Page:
The three-and-a half hour procedure was unique. Dr. Sripathi called it a “first”. He added, “Robotic surgery enabled us to achieve a perfect result in a very difficult situation with very minimal morbidity, with no pain and helped achieve (patient) discharge within a day.” Ashura, according to media reports, is again completely happy and living a normal life, back home in Tanzania with her parents. She will return next year for a follow-up visit.
A very satisfied Dr. Sripathi claims, “Robotic surgery will revolutionize the practice of surgery in children, especially in such complex situations, without resulting to large incisions and prolonged hospitalization.” Dr. Mahendra Bhandari, C E O of the Vattikuti Foundation said, “We are very pleased that the Foundation-facilitated establishment of a high powered robotic surgical program was used to help change the life of Ashura, a girl so much in need, so far from her home. When used in the right hands, the surgical robot truly is a world-changing tool.”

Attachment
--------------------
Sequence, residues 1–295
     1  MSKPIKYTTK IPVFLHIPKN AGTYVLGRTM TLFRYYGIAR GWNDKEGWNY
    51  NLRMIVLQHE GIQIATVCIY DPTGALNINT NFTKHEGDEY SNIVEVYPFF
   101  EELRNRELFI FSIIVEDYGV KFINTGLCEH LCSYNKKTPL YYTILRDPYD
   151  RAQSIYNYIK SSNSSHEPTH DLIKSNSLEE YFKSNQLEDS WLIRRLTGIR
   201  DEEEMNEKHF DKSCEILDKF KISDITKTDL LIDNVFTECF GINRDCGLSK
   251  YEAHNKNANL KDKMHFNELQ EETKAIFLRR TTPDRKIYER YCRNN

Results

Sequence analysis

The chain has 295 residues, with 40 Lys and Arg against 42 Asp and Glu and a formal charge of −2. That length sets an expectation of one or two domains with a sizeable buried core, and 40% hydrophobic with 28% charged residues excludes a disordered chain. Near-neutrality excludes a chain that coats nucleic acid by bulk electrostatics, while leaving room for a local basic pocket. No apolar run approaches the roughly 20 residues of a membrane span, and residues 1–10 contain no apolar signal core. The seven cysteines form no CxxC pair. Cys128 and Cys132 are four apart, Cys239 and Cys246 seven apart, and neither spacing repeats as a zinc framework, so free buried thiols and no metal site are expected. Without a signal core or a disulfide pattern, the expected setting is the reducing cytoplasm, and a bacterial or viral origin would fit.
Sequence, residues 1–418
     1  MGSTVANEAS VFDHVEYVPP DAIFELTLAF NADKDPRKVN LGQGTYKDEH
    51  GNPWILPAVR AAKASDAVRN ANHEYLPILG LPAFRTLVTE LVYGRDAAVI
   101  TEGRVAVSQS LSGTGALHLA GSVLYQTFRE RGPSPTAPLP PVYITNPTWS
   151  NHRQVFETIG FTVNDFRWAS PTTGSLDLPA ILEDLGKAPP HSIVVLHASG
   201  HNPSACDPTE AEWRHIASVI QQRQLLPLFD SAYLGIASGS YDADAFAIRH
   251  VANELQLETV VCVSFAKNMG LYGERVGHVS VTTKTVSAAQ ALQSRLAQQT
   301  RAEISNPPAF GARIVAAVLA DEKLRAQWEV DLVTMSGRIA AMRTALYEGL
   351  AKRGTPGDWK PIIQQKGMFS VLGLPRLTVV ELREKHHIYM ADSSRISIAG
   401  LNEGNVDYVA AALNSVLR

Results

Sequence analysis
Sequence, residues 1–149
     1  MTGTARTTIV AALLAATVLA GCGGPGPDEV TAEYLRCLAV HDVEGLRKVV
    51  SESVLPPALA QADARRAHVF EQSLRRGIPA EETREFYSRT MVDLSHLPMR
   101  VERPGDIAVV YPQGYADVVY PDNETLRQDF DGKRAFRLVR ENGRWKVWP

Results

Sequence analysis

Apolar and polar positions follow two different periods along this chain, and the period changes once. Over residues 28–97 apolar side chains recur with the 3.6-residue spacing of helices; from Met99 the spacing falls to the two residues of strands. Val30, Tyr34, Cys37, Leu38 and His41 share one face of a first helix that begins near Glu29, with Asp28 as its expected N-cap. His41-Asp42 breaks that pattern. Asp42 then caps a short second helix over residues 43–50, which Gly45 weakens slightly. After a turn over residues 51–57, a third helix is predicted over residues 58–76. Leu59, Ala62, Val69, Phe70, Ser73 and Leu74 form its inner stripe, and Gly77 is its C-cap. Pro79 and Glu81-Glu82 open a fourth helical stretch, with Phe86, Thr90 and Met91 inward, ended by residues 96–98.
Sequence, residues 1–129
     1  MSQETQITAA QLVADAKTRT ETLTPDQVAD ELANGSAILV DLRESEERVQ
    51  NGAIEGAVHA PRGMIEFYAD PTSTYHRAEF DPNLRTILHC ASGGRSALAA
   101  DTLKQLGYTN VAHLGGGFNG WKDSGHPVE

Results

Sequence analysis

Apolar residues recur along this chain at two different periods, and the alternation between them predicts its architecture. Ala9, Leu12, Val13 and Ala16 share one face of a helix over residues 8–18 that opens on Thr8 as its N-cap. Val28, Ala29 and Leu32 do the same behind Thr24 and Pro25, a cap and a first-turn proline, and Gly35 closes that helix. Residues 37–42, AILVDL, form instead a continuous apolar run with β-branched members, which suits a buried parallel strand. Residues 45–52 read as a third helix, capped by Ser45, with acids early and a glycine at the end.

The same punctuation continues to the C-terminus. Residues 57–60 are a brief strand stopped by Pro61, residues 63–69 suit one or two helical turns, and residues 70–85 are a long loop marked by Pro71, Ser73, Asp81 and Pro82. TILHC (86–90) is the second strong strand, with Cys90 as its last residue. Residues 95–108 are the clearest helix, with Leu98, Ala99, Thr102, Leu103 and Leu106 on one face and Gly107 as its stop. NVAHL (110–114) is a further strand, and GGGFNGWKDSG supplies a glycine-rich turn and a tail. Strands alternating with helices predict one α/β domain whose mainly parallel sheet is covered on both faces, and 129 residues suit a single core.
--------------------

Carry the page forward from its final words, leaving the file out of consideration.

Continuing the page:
Reports from The Hindu, The Times of India, Apollo Hospitals and the Vattikuti Foundation contributed to this article.